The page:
Maynooth University programme evaluation

Research plays a critical strategic role in Drinkaware and our work is subject to robust independent evaluation. This ensures each programme we deliver and every resource we produce is evidence-informed and has the potential to facilitate behaviour change so we can achieve our public health goals.

The final of a three-year longitudinal evaluation of Drinkaware’s junior cycle Alcohol Education Programme is currently in progress (2020), independently led by Professor Sinéad McGilloway, Founder and Director of the Centre for Mental Health and Community Research at Maynooth University Department of Psychology, in collaboration with Dr John Weafer of Weafer and Associates.

The objectives of this mixed methods study are to:

  • Asses the nature, extent and experience of alcohol use amongst a sample of junior cycle students in post-primary schools throughout Ireland.
  • Investigate attitudes and beliefs towards, and knowledge of, alcohol amongst the students.
  • Assess the perceived effectiveness, experience and acceptability of the programme in the school setting amongst bother students and teachers.

Key findings among students

Following the evaluation of years one and two, three key indicators on attitudes, behaviour and future intent were found among students:

Increased knowledge of alcohol harms and consequences

  • By the end of year two, students were three-times more likely to report knowing the facts about alcohol (10% pre-programme in 2018, 30% in year two).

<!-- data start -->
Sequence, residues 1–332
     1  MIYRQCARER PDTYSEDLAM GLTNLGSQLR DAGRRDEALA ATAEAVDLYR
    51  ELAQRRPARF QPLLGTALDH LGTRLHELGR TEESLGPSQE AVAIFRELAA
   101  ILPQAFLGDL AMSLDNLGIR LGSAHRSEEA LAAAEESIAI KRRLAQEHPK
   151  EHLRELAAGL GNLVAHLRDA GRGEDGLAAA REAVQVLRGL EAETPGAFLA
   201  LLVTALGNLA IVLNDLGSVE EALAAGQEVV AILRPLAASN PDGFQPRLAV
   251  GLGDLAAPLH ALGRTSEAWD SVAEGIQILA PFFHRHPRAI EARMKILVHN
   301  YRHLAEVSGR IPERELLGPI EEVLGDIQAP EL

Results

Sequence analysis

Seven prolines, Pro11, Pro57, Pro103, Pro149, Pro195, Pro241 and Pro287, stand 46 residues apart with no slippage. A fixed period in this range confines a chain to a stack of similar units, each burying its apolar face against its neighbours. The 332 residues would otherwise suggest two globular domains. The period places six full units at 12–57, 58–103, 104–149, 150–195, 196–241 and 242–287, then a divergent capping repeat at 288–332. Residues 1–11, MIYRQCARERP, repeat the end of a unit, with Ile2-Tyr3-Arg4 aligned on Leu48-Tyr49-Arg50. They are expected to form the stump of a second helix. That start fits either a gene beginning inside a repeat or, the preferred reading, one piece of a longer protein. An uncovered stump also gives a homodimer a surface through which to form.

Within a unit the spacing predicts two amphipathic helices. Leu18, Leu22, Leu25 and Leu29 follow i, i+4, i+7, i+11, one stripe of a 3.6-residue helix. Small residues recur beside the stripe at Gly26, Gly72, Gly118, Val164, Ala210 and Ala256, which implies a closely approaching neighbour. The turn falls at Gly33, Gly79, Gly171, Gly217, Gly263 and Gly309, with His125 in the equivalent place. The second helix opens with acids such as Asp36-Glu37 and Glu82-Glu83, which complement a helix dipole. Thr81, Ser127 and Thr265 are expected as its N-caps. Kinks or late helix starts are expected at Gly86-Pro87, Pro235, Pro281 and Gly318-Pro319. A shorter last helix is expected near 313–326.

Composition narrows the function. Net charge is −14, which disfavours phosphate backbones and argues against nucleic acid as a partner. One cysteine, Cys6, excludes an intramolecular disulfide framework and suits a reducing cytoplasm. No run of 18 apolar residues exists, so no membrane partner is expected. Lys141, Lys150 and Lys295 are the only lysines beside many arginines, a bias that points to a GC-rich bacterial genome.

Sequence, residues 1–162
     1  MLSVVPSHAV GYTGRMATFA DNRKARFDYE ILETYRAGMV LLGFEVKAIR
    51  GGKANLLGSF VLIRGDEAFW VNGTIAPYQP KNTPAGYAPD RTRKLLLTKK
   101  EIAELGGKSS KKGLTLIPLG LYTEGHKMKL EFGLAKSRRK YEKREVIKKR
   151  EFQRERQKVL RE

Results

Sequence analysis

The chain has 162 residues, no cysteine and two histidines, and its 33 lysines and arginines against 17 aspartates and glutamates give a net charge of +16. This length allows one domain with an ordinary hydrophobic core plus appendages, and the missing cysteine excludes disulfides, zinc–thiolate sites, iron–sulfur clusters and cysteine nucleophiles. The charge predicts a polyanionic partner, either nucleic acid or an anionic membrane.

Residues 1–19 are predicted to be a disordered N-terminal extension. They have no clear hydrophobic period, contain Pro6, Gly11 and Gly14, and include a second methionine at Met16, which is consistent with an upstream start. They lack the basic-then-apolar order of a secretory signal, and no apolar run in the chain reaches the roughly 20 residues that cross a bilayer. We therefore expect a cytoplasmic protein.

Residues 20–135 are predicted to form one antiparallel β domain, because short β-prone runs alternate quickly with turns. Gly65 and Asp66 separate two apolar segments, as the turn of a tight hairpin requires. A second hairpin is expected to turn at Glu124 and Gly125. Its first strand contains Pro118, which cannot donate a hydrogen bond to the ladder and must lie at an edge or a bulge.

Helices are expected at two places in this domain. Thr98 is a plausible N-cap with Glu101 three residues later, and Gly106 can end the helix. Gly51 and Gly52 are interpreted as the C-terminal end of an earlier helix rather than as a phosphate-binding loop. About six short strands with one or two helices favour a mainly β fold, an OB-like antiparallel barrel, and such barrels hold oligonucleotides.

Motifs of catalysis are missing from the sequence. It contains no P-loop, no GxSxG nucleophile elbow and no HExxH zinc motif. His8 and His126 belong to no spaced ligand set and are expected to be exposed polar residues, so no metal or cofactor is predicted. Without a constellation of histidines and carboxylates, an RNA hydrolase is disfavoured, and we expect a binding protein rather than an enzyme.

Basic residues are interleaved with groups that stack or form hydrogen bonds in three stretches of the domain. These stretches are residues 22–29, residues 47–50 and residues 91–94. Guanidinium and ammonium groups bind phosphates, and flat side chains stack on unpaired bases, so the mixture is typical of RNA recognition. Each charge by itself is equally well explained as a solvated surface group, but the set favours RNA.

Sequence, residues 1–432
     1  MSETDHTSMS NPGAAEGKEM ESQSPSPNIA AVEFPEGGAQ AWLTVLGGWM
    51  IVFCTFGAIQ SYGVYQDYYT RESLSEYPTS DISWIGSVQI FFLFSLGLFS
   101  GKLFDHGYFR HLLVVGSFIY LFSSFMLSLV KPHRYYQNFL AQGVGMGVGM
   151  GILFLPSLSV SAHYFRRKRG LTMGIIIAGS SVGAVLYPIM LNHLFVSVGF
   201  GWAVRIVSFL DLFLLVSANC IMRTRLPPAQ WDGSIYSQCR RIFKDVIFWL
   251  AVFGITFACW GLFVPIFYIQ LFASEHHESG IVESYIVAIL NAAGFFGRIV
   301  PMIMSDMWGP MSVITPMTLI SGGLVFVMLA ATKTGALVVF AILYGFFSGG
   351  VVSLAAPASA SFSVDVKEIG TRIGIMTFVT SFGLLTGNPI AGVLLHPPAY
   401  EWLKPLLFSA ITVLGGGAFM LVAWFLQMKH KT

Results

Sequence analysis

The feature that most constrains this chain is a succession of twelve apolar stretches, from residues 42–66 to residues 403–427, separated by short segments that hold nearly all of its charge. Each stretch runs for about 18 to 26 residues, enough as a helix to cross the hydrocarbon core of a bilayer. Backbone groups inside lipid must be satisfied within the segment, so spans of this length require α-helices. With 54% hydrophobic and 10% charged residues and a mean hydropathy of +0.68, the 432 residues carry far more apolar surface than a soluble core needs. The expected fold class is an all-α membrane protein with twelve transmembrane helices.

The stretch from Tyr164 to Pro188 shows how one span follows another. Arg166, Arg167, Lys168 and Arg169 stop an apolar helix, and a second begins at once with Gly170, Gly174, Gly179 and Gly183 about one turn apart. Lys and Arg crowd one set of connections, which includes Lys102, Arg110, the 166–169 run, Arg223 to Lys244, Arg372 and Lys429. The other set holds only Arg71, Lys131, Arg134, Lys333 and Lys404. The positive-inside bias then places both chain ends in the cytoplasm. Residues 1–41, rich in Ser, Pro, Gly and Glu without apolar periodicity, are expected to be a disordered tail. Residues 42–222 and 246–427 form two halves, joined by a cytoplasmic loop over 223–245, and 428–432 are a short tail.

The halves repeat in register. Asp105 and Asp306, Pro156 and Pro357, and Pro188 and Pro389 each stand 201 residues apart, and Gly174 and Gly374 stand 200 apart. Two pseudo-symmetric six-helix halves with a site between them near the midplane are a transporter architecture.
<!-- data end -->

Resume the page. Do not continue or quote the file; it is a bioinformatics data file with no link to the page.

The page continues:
• Students’ knowledge of alcohol consequences and harms increased, specifically knowledge of its impact on mental health (+20%), physical health (+15%), and the consequences of underage drinking (+12%).

Positive behaviour and behavioural intent regarding abstinence

  • The findings show a stability among students who reported that they do not drink alcohol at all – 60% pre-programme vs 59% in year two.
  • Among these students, those who reported having ‘no interest or intention of drinking’ has increased to 47% from 30% pre-programme.
  • Students who stated an intention to delay drinking for as long as possible rose marginally to 28% vs 25% pre-programme.
  • However, a small but increasing proportion of the 40% who indicated at baseline that, at some stage, they had consumed alcohol, appear to be engaged in more frequent and potentially harmful drinking at year two (e.g. consuming more drinks in one sitting). This group was also beginning to develop less healthy attitudes.

Ease of access and facilitation at home continues to accommodate underage alcohol use

  • Of the students who had consumed alcohol, the largest proportion (57%) had their first drink either at their own, or someone else’s house, supporting findings from the most recent HBSC report and highlighting the role of parents and other significant adults as primary influencers.

Teachers’ experience of the programme

  • 90% of teachers felt there is a strong need in schools for a programme such as the AEP (compared to 81% in year one)
  • 98% of teachers believed the programme to be ‘excellent’, ‘very good’ or ‘good’ (an increase from 88% in year one)
  • 96% of teachers thought the training provided by Drinkaware was ‘excellent’, ‘very good’ or ‘good’ (vs 84% in year one)

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